Jonneine Zapata's Cast the Demons Out came out of nowhere and managed to do what it said on the tin. And all indications were that live was where she excelled. Comparisons were bandied around from PJ Harvey and Patti Smith for there strong vocal ranges to Jim Morrison and Mick Jagger for their bold sexual stage presence. Apart from the smoldering mic stand gripping, her onstage persona also alternates between standing still with an ice cold stare, holding her arms aloft swaying like an eagle, and my favourite, lurching around the stage like a drunken marionette. Unsettling? Maybe but never boring.
From the first syllables sung by Jonneine Zapata on her debut album Cast the Demons Out, on an intro which segues into the simmering let's-get-it-on pop of "Good Looking", the LA siren had us hooked. Before the record made its way into the world Zapata was best known as a concert draw, gaining rave reviews in the US and catching the attention of Mark Lanegan and Jack White who had Zapata and band support Soulsavers and The Raconteurs respectively. We attempted to get some background ahead of her first Australian tour. While that was accomplished we also learnt that apart from an amazing voice and song writing chops Zapata has a wicked sense of humour.
Sometimes the best music is just under your nose, as in literally right under your nose on your desk hiding in a spindle of CDs. That’s what happened with Melbourne's Black Cab as after receiving a promo of their third album Call Signs mid last year it was put on said spindle and largely forgotten about until the video for the first single, the chugging rock epic “Church of Berlin” was seen, which quickly made me hunt out the promo disc and give it my full, rapt attention. With Calls Signs recently being given an European release we talked to Andrew and Steve about their visit to the sunshine state, the sexiness of “Sexy Polizei”, the allure of Germany as a source for lyrics, covering alternative classics and new recordings.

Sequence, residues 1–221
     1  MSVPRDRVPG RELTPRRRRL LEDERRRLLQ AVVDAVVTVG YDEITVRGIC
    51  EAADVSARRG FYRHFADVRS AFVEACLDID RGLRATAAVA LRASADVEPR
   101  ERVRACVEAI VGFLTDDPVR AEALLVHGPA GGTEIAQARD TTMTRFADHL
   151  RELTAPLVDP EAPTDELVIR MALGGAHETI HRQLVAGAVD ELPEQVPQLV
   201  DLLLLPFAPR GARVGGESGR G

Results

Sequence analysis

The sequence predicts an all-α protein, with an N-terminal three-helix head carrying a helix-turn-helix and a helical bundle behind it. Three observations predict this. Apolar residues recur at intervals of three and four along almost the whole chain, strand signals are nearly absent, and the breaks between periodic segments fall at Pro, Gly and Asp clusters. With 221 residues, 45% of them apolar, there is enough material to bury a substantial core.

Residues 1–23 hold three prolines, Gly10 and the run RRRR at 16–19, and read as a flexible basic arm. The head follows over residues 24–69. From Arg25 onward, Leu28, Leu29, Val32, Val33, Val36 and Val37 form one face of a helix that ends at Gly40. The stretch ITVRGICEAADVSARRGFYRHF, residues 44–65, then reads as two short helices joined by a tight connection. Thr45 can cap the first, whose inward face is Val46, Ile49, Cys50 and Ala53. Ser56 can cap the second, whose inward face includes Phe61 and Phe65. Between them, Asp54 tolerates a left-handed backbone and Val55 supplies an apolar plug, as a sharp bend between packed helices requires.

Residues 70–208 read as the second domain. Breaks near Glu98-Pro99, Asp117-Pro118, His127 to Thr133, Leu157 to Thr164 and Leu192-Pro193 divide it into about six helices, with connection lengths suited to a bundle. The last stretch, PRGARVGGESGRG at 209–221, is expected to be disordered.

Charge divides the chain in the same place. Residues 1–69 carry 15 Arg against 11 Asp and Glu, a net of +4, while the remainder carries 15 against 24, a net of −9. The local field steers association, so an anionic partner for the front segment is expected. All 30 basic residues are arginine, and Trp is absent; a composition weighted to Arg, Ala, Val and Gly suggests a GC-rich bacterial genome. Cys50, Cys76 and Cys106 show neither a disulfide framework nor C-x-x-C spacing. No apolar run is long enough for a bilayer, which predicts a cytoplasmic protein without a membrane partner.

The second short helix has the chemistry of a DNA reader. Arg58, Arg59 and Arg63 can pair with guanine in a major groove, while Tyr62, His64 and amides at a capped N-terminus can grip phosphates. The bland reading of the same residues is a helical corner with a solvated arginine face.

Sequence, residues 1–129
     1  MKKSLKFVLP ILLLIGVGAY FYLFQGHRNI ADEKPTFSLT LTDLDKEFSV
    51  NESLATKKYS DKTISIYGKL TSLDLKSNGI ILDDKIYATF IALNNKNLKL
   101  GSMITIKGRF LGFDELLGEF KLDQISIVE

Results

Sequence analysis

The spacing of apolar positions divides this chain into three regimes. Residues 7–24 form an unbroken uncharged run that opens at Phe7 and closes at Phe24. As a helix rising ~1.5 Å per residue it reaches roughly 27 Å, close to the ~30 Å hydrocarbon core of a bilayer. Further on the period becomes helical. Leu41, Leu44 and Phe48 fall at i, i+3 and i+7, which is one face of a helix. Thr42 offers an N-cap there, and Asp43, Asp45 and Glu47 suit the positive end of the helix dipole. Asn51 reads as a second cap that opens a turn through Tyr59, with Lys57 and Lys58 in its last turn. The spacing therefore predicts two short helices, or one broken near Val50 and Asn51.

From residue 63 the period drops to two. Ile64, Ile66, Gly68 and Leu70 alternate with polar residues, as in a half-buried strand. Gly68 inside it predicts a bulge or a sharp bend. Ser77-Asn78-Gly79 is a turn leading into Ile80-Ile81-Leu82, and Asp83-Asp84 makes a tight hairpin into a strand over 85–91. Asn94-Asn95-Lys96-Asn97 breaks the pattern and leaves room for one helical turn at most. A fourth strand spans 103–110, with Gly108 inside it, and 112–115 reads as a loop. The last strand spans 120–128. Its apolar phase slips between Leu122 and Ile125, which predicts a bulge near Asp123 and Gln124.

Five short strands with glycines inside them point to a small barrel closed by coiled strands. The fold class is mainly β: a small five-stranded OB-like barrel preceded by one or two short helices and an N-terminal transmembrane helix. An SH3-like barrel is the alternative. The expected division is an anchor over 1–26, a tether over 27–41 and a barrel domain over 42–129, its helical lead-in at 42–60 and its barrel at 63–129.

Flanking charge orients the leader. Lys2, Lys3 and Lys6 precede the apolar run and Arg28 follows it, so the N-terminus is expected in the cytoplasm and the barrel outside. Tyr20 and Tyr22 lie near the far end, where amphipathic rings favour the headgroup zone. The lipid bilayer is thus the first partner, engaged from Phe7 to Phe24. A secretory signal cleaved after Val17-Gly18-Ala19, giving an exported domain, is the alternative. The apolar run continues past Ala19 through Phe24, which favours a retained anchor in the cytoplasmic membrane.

Sounding like a counter-revolutionary, singer-songwriter Jonneine Zapata's task at hand is presciently hinted at in the title.
It took eleven years, three albums and a European tour for Melbourne space rockers Black Cab to broach Brisbane but they did and yes, it was worth the wait. Even the prospect of a half empty venue, an OCD stricken punter and the one colour Hi-Fi lights were not enough to dissuade Black Cab in performing anything less than a mesmerising set of original material and two stunning encores that paid homage to the whole space/drone/shoegaze rock genre. Able support was provided by Brisbane alt.rock kings Grand Atlantic.
Brisbane's Grand Atlantic avoid the sophomore slump with a successful swim in the genres of alternative rock and power-pop.
Not ones to throw angular shapes the boys here strive to find the right notes and the majority of the time they hit them.
Give it up, or rather give up your gold, for one of Montreal's premiere exponents of indie-pop Pony Up, and their sophomore album.